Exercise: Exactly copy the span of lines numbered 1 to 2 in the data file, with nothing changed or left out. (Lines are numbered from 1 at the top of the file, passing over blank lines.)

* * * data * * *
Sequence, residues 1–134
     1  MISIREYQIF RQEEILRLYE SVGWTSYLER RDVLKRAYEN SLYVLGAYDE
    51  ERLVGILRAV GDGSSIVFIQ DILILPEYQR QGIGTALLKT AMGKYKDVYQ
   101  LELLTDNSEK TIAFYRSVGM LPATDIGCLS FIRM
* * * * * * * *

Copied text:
Sequence, residues 1–134
     1  MISIREYQIF RQEEILRLYE SVGWTSYLER RDVLKRAYEN SLYVLGAYDE